“Provider experience in managing population health, creating data infrastructure, and changing behavior appear to be crucial factors in the success of accountable care organizations,” explained John Feore, Director at Avalere. “The governments’ new methodology for calculating savings may also affect financial results.”

While experience and benchmarking are predictors of ACO success, the analysis revealed that the assumption of downside financial risk is not. Researchers found that assuming downside financial risk in Tracks 2 and 3 of the MSSP is not a reliable predictor of if an ACO will realize cost savings.

Over 90 percent of MSSP ACOs participated in the program’s Track 1, which is the only MSSP track that allows ACOs to assume upside-only financial risk. Unlike Tracks 2 and 3, Track 1 ACOs are not required to repay CMS a portion of financial losses if the organizations exceed their financial benchmark during a performance period.

CMS has recently criticized Track 1 ACOs, arguing that the organizations increase Medicare spending because the organizations are not on the line for shared losses and repayment.

READ MORE: Accountable Care Organizations Grow, But Face New Challenges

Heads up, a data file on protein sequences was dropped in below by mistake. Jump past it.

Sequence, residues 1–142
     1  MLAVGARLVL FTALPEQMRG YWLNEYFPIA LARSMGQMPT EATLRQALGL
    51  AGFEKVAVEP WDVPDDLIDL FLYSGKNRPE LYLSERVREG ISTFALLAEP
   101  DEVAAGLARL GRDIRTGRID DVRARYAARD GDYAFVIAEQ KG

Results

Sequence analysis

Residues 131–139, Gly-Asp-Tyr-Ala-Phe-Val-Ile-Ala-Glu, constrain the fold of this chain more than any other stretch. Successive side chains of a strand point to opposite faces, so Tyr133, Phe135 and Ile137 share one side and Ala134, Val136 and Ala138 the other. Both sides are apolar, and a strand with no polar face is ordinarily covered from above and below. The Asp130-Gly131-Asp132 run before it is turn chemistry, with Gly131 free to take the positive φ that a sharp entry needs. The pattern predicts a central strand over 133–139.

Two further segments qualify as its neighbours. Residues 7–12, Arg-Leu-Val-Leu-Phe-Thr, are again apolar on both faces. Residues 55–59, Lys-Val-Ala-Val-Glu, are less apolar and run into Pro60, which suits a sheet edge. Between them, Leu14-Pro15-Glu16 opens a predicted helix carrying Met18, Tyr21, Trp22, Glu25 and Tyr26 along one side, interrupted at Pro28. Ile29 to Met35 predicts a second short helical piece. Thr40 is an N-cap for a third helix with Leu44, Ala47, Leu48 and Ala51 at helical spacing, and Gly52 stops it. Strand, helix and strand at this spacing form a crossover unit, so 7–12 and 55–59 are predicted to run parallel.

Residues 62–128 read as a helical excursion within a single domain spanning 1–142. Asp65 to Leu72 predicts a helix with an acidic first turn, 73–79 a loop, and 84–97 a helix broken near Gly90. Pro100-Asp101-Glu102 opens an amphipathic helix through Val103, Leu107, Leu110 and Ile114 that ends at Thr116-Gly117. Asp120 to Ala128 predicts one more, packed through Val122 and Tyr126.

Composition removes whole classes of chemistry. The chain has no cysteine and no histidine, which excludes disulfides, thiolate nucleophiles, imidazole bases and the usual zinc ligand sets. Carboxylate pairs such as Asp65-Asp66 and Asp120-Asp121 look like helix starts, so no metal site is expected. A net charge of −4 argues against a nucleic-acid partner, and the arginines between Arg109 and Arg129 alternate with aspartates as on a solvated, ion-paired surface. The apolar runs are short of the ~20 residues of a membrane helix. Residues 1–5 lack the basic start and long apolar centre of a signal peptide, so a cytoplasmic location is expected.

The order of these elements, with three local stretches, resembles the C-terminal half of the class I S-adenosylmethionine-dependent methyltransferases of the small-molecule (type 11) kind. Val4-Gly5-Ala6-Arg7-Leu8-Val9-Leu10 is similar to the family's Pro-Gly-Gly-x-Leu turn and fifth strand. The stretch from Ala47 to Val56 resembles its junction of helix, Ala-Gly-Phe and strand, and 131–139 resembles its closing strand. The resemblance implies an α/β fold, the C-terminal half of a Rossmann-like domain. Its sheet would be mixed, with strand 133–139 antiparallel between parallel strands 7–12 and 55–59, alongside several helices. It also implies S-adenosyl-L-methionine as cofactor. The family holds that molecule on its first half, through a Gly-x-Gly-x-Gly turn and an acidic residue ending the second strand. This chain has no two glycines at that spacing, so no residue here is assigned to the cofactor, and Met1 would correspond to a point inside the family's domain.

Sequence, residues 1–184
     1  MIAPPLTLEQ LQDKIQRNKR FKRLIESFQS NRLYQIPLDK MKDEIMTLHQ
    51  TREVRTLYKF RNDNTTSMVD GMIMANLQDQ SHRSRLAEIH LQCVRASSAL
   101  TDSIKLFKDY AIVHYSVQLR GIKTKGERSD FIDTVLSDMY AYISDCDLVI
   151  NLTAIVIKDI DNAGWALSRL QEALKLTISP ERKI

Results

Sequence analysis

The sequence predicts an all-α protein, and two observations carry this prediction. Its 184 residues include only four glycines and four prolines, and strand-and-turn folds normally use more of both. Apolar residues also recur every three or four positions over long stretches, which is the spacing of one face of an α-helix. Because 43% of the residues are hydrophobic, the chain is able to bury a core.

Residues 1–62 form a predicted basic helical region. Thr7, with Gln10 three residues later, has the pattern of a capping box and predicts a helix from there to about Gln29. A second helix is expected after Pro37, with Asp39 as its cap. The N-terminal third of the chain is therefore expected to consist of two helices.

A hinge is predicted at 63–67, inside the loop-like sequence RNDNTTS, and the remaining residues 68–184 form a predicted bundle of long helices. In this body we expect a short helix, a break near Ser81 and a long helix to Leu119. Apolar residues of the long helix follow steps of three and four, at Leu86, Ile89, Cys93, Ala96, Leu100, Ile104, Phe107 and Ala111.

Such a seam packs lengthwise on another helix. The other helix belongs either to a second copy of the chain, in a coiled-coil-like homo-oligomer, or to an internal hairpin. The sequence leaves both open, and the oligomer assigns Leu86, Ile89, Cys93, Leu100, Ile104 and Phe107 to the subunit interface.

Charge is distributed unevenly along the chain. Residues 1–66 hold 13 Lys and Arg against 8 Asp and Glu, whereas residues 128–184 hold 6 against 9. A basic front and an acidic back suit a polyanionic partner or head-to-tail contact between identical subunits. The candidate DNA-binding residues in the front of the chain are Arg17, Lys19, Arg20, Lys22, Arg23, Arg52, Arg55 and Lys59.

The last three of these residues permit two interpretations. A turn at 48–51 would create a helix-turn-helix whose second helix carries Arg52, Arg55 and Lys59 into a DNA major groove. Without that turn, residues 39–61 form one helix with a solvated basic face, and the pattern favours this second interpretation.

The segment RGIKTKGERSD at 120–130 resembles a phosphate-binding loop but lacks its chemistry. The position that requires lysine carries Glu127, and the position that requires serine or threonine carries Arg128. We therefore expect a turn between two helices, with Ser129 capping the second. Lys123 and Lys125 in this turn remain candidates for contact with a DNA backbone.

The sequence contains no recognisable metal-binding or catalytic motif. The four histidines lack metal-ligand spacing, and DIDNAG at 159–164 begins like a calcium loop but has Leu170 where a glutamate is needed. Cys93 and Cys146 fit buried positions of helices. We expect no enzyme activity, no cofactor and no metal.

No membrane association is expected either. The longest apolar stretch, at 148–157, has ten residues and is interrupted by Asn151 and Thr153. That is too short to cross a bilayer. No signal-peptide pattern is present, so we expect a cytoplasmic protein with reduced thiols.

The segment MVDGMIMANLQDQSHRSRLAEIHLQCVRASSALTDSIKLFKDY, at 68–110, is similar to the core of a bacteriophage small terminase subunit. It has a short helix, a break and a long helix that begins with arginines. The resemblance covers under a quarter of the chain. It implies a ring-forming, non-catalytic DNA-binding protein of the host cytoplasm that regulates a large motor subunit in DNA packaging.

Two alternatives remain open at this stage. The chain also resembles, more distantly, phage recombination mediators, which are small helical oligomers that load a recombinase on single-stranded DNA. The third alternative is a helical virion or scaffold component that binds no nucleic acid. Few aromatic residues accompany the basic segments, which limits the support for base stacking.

However, the Avalere analysis uncovered that MSSP ACOs in all three tracks reduced Medicare spending. In fact, Track 1 ACOs contributed the most to aggregate savings compared to their Tracks 2 and 3 counterparts, saving a total of $291 million in 2017.

Image shows accountable care organizations (ACOs) in the Medicare Shared Savings Program (MSSP) with upside-only financial risk arrangements generated savings in 2017.

Source: Avalere

Track 2 ACOs saved $5 million and Track 3 ACOs saved $18 million in 2017. Although, less than 10 percent of the MSSP ACOs participated in the downside financial risk tracks during the performance period.

The savings stemming from upside-only MSSP ACOs may change in the near future. CMS recently proposed to overhaul the program, renaming it the Pathways to Success initiative. And the federal agency specifically focused potential MSSP changes on upside-only ACOs.

“After six years of experience, the time has come to put real ‘accountability’ in Accountable Care Organizations. Medicare cannot afford to support programs with weak incentives that do not deliver value,” CMS Administrator Seema Verma stated when announcing the overall in August 2018. 

“ACOs can be an important component of a system that increases the quality of care while decreasing costs; however, most Medicare ACOs do not currently face any financial consequences when costs go up, and this has to change.”

CMS proposed to promote downside financial risk assumption by accelerating the ramp up from six to two years and cutting the shared savings opportunity for upside-only ACOs in half.

CMS has yet to finalize the MSSP overhaul. Stakeholder comments on the proposed changes are due by Oct. 16, 2018.